Social Media Provides a Wealth of Data for Unraveling Illicit Financing Schemes

By John A. Cassara

August 30, 2013

As individuals and groups become more dependent on social media for communication, it’s not surprising that law enforcement agencies are finding the information obtained from social networking sites increasingly valuable.

To some, the stream of data gleaned through social media analytics is on par with human intelligence or signals intelligence. 

The reason is simple: Social media sites have experienced exponential growth in recent years. Facebook, for example, registered approximately 350 million users worldwide in 2010; by 2013 the number jumped to over 1 billion. YouTube, a popular video-sharing site, has over 4 billion views worldwide per day. Twitter grew from 75 million registered users in 2010 to approximately 500 million users in 2013.

The trend isn’t limited to law-abiding citizens. Criminals, organized crime syndicates, gangs and terrorists also use social media. They post information and share photos and videos, and terrorist groups use the tools to recruit new members, disseminate propaganda and solicit funds. 

It is only logical that law enforcement agencies have been combing these sites to intercept information about criminals’ whereabouts, activities and assets. Useful information is available from platforms like Facebook, Tumblr, bulletin boards, user groups, and even Craigslist can provide useful insights.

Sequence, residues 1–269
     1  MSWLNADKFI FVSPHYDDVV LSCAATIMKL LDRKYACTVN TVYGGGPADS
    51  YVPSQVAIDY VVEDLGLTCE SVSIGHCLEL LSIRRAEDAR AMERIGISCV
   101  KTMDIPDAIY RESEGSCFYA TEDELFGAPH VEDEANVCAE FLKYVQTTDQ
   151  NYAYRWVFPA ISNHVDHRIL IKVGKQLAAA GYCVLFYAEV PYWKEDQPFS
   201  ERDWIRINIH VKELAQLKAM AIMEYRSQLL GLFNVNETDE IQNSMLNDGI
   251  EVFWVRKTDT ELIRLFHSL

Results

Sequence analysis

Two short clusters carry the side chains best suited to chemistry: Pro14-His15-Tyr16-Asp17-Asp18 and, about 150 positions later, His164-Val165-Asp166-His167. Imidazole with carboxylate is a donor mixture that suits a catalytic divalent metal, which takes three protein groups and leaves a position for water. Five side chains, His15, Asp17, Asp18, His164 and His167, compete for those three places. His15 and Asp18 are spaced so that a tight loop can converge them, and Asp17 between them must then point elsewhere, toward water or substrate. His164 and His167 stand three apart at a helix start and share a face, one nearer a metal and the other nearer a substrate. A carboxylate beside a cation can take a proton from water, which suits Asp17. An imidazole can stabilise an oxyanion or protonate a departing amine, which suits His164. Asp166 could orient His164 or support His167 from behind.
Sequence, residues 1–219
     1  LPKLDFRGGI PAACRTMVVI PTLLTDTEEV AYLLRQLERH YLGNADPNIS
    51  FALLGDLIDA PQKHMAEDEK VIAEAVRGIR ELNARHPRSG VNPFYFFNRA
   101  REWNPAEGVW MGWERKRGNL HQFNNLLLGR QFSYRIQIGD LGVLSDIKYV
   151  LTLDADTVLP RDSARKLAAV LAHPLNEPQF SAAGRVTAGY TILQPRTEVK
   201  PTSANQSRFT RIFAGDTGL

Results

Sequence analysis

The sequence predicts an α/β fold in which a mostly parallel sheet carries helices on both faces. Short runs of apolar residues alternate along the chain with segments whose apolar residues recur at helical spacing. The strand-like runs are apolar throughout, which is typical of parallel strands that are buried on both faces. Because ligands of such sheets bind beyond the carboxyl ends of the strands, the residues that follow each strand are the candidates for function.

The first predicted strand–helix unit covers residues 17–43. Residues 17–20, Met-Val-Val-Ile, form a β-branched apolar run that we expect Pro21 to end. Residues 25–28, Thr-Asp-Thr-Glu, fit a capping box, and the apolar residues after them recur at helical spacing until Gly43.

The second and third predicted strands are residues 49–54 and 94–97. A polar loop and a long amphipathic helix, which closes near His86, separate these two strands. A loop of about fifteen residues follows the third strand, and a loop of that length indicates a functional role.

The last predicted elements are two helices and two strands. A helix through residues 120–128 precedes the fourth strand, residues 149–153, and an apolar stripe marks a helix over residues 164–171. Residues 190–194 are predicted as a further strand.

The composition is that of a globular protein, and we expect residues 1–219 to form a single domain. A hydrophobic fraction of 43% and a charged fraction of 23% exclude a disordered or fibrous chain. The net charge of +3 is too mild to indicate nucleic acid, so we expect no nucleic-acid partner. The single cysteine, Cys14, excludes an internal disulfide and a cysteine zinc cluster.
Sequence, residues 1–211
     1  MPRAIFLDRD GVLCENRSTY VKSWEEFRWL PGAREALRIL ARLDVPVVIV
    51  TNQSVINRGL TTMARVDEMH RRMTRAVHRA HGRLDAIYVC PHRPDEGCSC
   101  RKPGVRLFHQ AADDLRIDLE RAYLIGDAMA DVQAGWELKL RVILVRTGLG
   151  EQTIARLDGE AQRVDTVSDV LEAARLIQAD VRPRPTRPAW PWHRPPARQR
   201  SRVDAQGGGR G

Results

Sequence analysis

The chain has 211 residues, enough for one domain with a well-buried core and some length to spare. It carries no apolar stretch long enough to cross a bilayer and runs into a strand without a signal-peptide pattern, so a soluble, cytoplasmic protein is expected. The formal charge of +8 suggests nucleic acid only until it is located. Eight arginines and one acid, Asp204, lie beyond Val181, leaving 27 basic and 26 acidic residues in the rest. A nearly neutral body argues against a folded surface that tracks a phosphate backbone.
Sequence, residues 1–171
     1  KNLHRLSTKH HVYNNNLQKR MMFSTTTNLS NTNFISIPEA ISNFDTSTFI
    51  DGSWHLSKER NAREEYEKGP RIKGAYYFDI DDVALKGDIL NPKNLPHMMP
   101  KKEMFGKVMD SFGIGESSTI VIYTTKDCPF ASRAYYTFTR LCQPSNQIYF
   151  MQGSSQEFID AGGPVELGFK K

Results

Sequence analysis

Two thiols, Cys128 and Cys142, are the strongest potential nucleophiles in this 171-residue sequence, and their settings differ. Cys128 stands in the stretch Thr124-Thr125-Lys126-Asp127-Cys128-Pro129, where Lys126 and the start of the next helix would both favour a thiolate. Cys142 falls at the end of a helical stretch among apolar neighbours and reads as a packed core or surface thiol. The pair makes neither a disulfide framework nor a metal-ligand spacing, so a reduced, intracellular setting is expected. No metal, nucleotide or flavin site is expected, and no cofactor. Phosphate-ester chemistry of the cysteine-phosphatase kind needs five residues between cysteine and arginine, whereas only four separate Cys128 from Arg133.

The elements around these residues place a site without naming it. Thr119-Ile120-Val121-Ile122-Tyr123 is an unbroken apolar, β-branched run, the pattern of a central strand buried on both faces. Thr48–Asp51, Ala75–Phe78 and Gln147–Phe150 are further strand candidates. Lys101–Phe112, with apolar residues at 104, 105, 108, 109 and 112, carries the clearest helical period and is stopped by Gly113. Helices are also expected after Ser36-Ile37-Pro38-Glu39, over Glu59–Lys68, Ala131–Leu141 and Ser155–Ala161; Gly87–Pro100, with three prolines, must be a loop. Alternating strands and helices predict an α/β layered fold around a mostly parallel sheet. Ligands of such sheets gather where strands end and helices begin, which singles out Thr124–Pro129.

Over the last 25 years, my interest has been countering financial crimes -- particularly money laundering and terrorism financing. I have heard advanced analytics described as the “art of the possible.” Could social media -- or “socint” -- combined with exciting new developments in analytics be a valuable new source of information to help combat illicit finance?

Before we explore the possibilities, there are a few caveats. This topic is so new that examples, at least in the public domain, are not available. Another issue is the range of internal government agency and departmental permissions and legal restrictions that govern the use of social media at the federal, state, and local levels. There are significant privacy and profiling concerns. And finally, social media data and analytics should only be considered as one more investigative technique or tool. It is not the silver bullet solution many seek. 

Very broadly speaking, there are three types of financial crimes investigations: reactive, proactive, and strategic.

In reactive investigations, the violation has already occurred. For example, an informant tells a criminal investigator that Subject X is trafficking narcotics in the local community. To launder the proceeds, Subject X establishes the ABC Front Company.

After receiving the allegations, one of the first things the criminal investigator is going to do is check various data bases to see if there is any information about Subject X or the ABC Company. The investigator might check appropriate law enforcement, financial, and commercial databases for additional information. The data may indicate Subject X has a prior criminal record. Or maybe the investigator discovers information that casts doubt on the source.